This article is a double debut, both in discussing my OCD as a journalist, and writing about the disorder in relation to my poetry. Creative writing has eased the traffic of my congested mind when Pure ‘O’ feels overwhelming, and I hope this piece shows how writing poems can be both a joy and an effective coping mechanism.
I remember the day as clear as glass — well smudged glass — because it’s hard to remember some things clearly when one of my OCD symptoms is ‘false memory’. Overused examples of someone with this symptom tend to fall on the obsessive worry of not locking a door. However, false memories expand to all kinds of situations, where events or conversations replay like fuzzy recordings, always keeping you guessing.
I was walking back from a day at Sixth Form, the sun stinging my eyes, my mind dark with thoughts, going over situations in class, with friends, and family, trying to remember what I’d said and done. Slumped on the sofa when I got home, I trawled through online advice with no luck, but I eventually found a forum with people discussing unwanted images, thoughts, and how they related to their personhood. I don’t remember details, but I’ll never forget how my smile stretched to reach the edges of hope.
I would never recommend informal online discussion as the only form of help, and it can be really harmful and counterproductive if seeking reassurance or hoping for a ‘quick fix’ or simple diagnosis. However, as a teen struggling with endless worry, I realised in the short snippets of feeling on the forum, both the potential of writing and that I had what I didn’t yet know was termed Pure ‘O’. Now at 25, poetry lets me extract my thoughts, helping me as a journalist, and encouraging me to pursue a PhD in Creative Writing.
More broadly, OCD is defined by the National Institute of Mental Health as “a common, chronic, and long-lasting disorder in which a person has uncontrollable, reoccurring thoughts (obsessions) and/or behaviors (compulsions)”. However, Pure OCD (or Pure ‘O’) is a type where the person predominantly (but not exclusively) experiences mental obsessions or mental compulsions (e.g. intrusive thoughts or checking and repeating thoughts).
This past pandemic-stricken year has placed my Pure O symptoms in fast-forward mode. With the claustrophobia of multiple lockdowns, the daily time-loop of repeated routines and places has recharged my symptoms in the morning and night. However, writing has helped me accept the feelings, and being in a private space has let me see poetry not as a measure of success, but as an achievement for myself. As Anna Maria Di Brina writes, poetry in a pandemic can bring different meanings to what we think we know.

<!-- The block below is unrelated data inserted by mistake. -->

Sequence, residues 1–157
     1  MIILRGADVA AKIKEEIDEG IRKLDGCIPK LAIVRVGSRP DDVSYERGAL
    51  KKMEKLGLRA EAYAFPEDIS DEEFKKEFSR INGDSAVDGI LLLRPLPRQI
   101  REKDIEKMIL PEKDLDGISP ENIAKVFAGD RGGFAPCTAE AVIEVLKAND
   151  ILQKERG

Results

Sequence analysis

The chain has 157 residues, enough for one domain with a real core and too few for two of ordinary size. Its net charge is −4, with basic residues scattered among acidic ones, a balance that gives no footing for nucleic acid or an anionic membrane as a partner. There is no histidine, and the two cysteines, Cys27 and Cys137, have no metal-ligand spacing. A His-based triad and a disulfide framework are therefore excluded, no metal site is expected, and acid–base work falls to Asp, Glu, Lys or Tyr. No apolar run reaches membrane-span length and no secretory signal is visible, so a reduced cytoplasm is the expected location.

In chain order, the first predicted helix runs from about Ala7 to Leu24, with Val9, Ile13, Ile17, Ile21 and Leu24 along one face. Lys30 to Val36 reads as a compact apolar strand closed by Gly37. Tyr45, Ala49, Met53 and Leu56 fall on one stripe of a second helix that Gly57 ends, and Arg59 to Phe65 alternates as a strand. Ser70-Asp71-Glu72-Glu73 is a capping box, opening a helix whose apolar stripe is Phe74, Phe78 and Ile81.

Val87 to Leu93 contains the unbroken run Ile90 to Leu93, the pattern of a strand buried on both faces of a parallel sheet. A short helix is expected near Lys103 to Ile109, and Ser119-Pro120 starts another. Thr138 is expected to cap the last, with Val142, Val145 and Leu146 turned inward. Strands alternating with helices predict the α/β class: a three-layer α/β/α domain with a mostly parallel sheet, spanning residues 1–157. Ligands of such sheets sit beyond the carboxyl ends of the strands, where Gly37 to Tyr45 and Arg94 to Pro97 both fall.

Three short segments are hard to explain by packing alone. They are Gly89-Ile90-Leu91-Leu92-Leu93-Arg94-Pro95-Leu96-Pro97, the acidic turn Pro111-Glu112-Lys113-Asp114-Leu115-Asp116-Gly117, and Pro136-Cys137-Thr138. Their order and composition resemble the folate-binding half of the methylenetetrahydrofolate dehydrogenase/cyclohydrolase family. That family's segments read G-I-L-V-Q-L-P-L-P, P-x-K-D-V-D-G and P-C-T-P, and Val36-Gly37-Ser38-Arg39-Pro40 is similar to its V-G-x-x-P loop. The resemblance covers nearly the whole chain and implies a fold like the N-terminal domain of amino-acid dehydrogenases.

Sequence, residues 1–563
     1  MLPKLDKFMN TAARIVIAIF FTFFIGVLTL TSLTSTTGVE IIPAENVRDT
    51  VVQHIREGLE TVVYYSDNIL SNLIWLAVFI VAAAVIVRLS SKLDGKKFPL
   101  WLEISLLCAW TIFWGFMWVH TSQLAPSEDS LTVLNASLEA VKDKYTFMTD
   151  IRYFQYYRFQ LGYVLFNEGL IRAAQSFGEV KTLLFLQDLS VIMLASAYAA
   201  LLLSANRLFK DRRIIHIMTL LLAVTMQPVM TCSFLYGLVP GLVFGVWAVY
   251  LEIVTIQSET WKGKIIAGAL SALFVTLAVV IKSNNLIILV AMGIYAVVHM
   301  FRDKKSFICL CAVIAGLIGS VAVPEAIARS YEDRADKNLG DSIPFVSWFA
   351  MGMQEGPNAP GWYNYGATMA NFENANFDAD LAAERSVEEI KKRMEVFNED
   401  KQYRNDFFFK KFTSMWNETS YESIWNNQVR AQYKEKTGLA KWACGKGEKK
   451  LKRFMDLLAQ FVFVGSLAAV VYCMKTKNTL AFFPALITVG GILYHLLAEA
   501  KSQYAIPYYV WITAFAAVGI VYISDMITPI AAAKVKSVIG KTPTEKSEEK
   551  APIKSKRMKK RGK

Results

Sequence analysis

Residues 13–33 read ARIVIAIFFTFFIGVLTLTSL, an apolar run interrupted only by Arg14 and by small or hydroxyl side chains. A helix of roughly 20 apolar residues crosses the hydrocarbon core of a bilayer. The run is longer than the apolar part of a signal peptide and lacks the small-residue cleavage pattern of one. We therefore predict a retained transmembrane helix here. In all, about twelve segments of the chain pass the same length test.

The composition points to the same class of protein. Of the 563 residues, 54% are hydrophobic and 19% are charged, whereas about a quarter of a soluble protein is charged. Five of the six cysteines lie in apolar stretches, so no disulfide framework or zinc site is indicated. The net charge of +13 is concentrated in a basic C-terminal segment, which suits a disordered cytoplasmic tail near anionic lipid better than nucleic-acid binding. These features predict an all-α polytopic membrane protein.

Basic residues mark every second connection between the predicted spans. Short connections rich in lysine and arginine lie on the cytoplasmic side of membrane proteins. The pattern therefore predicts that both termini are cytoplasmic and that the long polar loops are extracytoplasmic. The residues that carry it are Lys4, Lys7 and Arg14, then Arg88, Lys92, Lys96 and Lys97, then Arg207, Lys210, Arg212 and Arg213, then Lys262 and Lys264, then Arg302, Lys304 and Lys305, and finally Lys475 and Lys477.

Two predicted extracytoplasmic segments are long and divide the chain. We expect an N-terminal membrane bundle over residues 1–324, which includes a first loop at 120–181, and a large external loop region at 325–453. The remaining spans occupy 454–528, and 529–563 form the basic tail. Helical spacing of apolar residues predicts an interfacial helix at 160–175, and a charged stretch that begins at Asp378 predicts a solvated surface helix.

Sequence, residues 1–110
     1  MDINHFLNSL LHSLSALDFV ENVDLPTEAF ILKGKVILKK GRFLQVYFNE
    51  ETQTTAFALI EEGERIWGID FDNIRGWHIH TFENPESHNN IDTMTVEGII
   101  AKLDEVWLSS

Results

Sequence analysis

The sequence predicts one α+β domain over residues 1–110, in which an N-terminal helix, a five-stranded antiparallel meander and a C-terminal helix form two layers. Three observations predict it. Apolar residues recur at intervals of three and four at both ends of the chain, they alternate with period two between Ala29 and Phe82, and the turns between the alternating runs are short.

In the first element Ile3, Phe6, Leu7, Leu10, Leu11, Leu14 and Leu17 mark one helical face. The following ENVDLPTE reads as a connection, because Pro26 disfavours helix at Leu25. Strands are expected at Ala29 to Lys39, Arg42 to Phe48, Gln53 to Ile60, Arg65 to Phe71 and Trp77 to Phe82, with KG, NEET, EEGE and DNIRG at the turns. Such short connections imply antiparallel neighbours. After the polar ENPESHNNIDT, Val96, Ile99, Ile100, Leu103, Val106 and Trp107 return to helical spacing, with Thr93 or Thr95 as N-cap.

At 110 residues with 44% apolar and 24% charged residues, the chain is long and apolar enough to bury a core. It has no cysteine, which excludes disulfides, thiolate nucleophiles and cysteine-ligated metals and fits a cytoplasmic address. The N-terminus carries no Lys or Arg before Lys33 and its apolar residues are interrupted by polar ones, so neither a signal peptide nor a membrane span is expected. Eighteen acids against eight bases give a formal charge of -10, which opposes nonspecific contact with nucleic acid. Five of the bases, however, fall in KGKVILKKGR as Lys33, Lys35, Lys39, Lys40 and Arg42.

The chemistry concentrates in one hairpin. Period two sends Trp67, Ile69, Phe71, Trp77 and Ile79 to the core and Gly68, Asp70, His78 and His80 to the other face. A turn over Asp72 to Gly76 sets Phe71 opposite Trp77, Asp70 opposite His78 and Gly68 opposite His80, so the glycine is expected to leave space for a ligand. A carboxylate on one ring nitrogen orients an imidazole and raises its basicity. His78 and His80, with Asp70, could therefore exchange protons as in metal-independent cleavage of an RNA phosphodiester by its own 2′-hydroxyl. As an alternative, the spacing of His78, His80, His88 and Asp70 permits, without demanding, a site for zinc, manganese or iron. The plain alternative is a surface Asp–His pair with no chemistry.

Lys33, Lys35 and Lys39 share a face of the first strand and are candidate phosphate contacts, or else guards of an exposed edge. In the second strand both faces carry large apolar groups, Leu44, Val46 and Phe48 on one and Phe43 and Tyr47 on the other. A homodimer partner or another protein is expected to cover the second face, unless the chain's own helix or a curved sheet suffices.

Poetry and OCD blend into one another. They are both a mix of the real and the imaginary, often seeming absurd or outlandish. With OCD, you can have different ‘categories and themes’; for example, contamination or intrusive thoughts are categories, and themes such as harm or perfectionism can cross over between categories. There is a lot of stigma around what OCD is, which can prevent people from getting the help they need. This is similar to the expectations around writing, where curated school anthologies teach you to dissect poetry in a quantifiable way.
For me, poetry is like music, it helps create a timeline of feelings that show you things can change. Similar to when you listen to a song that evokes nostalgia or bittersweetness so strongly it kneads into your skin, writing a poem lets you weave through multiple feelings. It is therapeutic to be able to travel back in time to poems written in distress, and look at them from above, knowing your future self could feel better.
OCD organisation Made of Millions says “When a Pure-O sufferer’s brain lands on a thought or question that is unacceptable to the person having the thought, the fear network of the brain is alerted that something is wrong and needs to be done about it IMMEDIATELY”. This sense of immediacy has been exacerbated by delays in therapy and a lack of access to support systems this past year.
The feeling like something is ‘wrong’ and needs to be made ‘right’ affects many OCD sufferers, but presents itself in different ways. For me, it feels like there is something sticky in my brain, like when you have jam on your fingers that you can’t rub off. The gooeyness of writing about feelings always put me off, but when the ‘stickiness’ of OCD developed, I found that letting the thoughts and feelings stretch onto the page made the imagery of something ‘wrong’ slightly fade, particularly when this year has been marked by so many things actually going ‘wrong’.
Research has shown that those with OCD tend to have a high response to ‘error’ and too few ‘stop signals’. So even if you know what you’re doing or thinking makes little sense, you do it anyway. Reading poetry has let my emotions bump into those of others, diluting this idea of ‘wrong’.
In the poem “The Visitor” from a collection called The Carrying, poet Ada Limón writes:
“This might be what growing older is. My problem: I see all the angles of what could go wrong so I never know what side to be on”.
— ADA LIMÓN, THE VISITOR
This felt like it was written for me, and showed me how poems move off the page.
At times when I feel like work or study seems pointless and tasks feel arbitrary, instead of poetry being just another task, it has let me move through the different types of feelings. I can now see how poetry and OCD are intertwined, and this has given me both a coping strategy and a life-long passion.
Here is a poem of mine called “writer’s block”: